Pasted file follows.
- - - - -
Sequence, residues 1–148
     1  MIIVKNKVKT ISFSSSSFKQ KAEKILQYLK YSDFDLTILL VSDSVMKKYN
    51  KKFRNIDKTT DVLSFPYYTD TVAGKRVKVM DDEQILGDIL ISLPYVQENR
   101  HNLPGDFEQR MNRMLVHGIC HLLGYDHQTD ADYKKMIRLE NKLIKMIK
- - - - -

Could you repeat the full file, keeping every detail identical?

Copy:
Sequence, residues 1–148
     1  MIIVKNKVKT ISFSSSSFKQ KAEKILQYLK YSDFDLTILL VSDSVMKKYN
    51  KKFRNIDKTT DVLSFPYYTD TVAGKRVKVM DDEQILGDIL ISLPYVQENR
   101  HNLPGDFEQR MNRMLVHGIC HLLGYDHQTD ADYKKMIRLE NKLIKMIK